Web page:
Tutorials > How to install and secure Memcached on Ubuntu 20.04

How to install and secure Memcached on Ubuntu 20.04

Published on: 28 December 2020

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Systems that allow caching of memory objects can improve the performance of back-end databases in a number of ways, such as temporarily saving information in memory and retaining the most requested or recently requested lines( records ).

In this way, the number of database queries can be reduced, and consequently, the speed of your web applications increased.

In this tutorial, you will learn how to install Memcached on your Ubuntu 20.04 server and secure it and configure it to connect to your local or private network interface and enable SASL authentication.

First, connect to your server via an SSH connection. If you haven't done so yet, following our guide is recommended to connect securely with the SSH protocol. In case of a local server, go to the next step and open the terminal of your server.

Installing Memcached from the Official Repository

If Memcached isn’t already installed on your server, install it from the official Ubuntu repositories.

First of all, make sure your local package index has updated, via the command:

$ sudo apt update

Secondly, install the official package via the command:

$ sudo apt install memcached

Installing a library of tools to better work with your Memcached server is also advisable. Simply enter the command:

$ sudo apt install libmemcached-tools

Now that memcached and the various tools to help you test server connectivity have been installed, the next step is to create a secure configuration.

Securing the Memcaching configuration

To ensure protection from DoS attacks, verify that your Memcached instance is listening on the local interface. By default, the parameter set on the local interface should be -1.

To check the parameter, open the Memcached configuration file contained in the path /etc/memcached.conf. From the terminal, do so by using the command:

$ sudo nano /etc/memcached.conf

Here you are now in the configuration file  /etc/memcached.conf .

Within the file, navigate to the interface configuration part, locating this line:


If the line appears as shown above, the default configuration will be set and no further changes will be needed.

In case you need to change this setting to make it more "open", disabling the UDP protocol, as it is more vulnerable to DoS attacks than TCP, is recommended.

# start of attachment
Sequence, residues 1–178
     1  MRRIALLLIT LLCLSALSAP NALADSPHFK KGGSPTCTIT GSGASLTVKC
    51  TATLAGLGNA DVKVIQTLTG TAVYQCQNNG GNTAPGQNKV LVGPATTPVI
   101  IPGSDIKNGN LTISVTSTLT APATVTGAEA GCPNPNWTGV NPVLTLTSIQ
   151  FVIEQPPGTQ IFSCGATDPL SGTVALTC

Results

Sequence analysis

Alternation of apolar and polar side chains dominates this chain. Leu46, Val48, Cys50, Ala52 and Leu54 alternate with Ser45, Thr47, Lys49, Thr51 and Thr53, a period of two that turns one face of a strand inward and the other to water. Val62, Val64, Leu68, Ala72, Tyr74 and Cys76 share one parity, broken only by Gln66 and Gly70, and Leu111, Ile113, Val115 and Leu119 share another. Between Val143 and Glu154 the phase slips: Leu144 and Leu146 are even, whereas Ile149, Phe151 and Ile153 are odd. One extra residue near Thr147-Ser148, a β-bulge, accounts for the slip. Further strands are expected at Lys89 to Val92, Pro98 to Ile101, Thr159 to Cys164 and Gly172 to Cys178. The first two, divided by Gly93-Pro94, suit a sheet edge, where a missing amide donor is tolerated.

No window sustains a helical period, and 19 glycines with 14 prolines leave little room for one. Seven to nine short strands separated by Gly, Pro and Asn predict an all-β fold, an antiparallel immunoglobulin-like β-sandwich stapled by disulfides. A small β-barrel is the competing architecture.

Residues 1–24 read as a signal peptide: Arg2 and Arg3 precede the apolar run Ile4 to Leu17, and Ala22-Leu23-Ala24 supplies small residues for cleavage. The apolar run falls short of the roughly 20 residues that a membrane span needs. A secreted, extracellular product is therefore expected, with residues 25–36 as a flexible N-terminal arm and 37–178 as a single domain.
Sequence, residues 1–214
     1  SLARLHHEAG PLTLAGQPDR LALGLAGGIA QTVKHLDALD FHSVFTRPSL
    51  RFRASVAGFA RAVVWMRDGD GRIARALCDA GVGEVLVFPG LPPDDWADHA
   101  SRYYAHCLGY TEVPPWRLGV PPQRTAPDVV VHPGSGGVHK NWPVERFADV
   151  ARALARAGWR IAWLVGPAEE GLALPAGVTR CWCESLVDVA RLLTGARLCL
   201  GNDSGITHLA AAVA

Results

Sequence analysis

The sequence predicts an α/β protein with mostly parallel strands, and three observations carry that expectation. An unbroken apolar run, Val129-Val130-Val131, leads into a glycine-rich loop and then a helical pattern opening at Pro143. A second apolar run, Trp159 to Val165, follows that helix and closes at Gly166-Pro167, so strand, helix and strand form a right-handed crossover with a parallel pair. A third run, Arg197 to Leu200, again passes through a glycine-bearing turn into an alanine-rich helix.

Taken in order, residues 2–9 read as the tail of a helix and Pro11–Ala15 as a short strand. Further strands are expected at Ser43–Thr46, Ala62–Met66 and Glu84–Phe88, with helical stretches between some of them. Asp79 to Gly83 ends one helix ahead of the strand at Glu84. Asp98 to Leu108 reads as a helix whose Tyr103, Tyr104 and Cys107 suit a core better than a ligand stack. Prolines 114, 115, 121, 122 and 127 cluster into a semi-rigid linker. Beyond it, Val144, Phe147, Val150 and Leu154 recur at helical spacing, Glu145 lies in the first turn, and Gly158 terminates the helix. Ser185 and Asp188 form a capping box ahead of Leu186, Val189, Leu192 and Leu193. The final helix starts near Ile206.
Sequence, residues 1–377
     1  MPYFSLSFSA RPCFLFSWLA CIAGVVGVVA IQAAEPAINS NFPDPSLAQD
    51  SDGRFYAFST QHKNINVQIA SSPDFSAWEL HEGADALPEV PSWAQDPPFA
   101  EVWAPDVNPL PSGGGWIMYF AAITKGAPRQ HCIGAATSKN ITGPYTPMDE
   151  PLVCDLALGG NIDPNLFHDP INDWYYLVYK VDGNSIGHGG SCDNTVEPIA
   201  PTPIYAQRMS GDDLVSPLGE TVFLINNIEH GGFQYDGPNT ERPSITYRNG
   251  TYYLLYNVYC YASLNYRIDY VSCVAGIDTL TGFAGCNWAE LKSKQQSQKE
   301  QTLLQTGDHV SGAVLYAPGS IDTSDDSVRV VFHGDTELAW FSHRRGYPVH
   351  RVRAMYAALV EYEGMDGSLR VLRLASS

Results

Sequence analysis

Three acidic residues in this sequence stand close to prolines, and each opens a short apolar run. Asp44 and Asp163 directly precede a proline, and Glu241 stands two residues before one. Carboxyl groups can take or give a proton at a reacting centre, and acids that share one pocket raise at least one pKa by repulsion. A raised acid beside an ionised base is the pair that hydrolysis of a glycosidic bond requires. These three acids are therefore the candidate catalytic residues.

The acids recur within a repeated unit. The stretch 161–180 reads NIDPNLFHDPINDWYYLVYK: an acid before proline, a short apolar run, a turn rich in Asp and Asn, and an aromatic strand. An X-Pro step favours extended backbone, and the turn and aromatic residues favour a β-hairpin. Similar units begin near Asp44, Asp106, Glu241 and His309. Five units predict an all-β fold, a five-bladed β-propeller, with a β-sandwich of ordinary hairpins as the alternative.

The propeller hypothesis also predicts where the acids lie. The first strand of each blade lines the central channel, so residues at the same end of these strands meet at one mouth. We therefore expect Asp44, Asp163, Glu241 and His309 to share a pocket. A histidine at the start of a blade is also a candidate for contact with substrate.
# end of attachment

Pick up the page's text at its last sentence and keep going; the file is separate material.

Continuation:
To disable only the UDP protocol, just add the following line to the end of the configuration file:

-U 0

To apply the settings changes, follow thesteps:

  • Save and close the /etc/memcached.conf file ;
  • Restart Memcached, via the command:
    $ sudo systemctl restart memcached

To verify that the changes have been successfully applied, check that Memcached is bound to the local interface and is only receiving TCP connections.

To do so, type the command:

$ sudo netstat -plunt

Allowing access on a private network

In the previous steps you configured Memcached on a local interface (, securing the interface from external DoS attacks.

But what if you need to connect with external servers?

In this case, it will be necessary to put Memcached, modifying its configuration, listening on a private network.

Restricting IPs with Firewalls

Before adjusting the configuration settings, setting up rules in your firewall to limit connections to your Memcached server is advisable.

You will first need to know the private IP address of the client's server in order to configure your rules in the firewall.

In this case, the UFW firewall will be used. If the UFW Firewall is not installed on your server, follow our guide on How to Install and Configure UFW Firewall on Ubuntu 18.04.

To limit access to your Memcached instance, enter:

$ sudo ufw allow from client_server_IP_privato/32 to any port 11211

Once this change has been made, Memcached service is ready to be forced on your private network interface.

Binding Memcached to the private network interface

Now that the firewall has been configured, fix Memcached's configuration to listen on your private network interface, rather than the local interface.

First of all, open the Memcached configuration file, as seen previously, using the command:

$ sudo nano /etc/memcached.conf

Look inside the file for the following line, which were checked in the previous steps:

And change the address by entering the one corresponding to your server's private network interface:
-1 memcached_IP_privato_server

To apply the changes, save and close the configuration file.

Then restart the Memcached service via the command:

$ sudo systemctl restart memcached

Finally, check the new settings with netstat :

$ sudo netstat -plunt

Verify, for added security, that you can connect through your authorized external client and that, by connecting with an unauthorized client instead, you are blocked by the firewall.

At this point you will have successfully secured your Memcached server, configuring it to connect to your local or private network interface and enabling SASL authentication.